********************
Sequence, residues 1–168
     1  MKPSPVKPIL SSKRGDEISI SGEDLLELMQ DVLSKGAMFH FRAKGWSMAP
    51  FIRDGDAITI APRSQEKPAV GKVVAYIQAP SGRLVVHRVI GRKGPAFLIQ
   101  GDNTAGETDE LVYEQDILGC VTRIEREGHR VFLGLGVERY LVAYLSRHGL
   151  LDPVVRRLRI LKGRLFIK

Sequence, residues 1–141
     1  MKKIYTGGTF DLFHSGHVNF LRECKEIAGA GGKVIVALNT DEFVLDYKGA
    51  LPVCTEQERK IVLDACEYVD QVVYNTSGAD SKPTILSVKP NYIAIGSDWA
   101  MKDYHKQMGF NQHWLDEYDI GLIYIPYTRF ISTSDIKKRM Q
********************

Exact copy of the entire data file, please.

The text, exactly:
Sequence, residues 1–168
     1  MKPSPVKPIL SSKRGDEISI SGEDLLELMQ DVLSKGAMFH FRAKGWSMAP
    51  FIRDGDAITI APRSQEKPAV GKVVAYIQAP SGRLVVHRVI GRKGPAFLIQ
   101  GDNTAGETDE LVYEQDILGC VTRIEREGHR VFLGLGVERY LVAYLSRHGL
   151  LDPVVRRLRI LKGRLFIK

Sequence, residues 1–141
     1  MKKIYTGGTF DLFHSGHVNF LRECKEIAGA GGKVIVALNT DEFVLDYKGA
    51  LPVCTEQERK IVLDACEYVD QVVYNTSGAD SKPTILSVKP NYIAIGSDWA
   101  MKDYHKQMGF NQHWLDEYDI GLIYIPYTRF ISTSDIKKRM Q